William Young was born in Paisley, Renfrewshire, north of Glasgow, in 1843. He was articled to James Lamb and trained with William Tait of Glasgow. In the early 1860s, Young worked in Liverpool and Manchester before moving to London, where he worked for C. H. Howell, the Surrey County Surveyor.
After designing a wooden Marquee commissioned by Lord Elcho for the National Rifle Brigade, Young rose to prominence as an architect specialising in country houses, town houses, and churches. His designs include Culford Park, Suffolk, Peebles Parish Church, Scottish Borders (1874), and Gosford House, Lothian (1891).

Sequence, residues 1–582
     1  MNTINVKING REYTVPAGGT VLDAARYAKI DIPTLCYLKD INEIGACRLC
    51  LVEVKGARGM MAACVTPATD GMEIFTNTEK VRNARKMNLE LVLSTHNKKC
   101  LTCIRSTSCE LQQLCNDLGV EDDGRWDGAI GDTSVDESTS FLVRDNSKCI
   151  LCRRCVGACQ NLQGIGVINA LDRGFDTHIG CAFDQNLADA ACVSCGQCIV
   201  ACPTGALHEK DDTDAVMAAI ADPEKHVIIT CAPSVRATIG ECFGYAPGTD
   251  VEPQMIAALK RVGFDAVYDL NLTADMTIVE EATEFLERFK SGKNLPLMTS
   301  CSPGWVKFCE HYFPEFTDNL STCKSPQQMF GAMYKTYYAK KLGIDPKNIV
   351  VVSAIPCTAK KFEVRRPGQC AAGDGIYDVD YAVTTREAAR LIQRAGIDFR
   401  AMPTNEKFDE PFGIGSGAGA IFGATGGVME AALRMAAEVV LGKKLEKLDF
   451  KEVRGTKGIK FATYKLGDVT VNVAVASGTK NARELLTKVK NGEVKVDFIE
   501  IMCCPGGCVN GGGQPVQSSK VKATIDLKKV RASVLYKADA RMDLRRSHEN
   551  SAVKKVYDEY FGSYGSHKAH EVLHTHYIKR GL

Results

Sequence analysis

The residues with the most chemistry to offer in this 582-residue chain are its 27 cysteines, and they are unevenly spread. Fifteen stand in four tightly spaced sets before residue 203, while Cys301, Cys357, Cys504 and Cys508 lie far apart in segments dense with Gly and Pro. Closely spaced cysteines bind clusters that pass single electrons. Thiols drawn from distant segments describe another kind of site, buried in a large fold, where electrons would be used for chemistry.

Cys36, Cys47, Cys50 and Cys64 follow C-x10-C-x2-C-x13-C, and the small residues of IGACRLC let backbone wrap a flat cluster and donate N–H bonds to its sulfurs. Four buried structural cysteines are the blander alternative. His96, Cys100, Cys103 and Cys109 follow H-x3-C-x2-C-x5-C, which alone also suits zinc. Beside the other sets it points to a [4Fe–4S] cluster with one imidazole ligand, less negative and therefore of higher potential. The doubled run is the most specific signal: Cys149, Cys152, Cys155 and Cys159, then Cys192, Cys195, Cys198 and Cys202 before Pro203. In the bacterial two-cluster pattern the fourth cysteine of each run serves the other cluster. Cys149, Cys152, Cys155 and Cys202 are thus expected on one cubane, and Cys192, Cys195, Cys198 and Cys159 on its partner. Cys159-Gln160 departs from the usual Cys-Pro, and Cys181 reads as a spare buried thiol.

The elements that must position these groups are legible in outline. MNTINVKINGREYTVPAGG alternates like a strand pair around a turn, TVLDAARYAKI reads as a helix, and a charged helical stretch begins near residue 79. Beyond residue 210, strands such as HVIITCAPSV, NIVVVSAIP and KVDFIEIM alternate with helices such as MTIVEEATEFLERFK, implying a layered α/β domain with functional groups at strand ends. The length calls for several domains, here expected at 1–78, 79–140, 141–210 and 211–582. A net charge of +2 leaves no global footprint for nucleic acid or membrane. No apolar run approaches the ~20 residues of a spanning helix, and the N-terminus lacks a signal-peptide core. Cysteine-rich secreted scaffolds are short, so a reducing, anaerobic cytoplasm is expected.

Other notable commissions include the War Offices in Whitehall (1900-6 and completed by his son, Clyde Young), and the Glasgow City Chambers (1881-90) renowned by contemporaries for the interior decor and sculpture.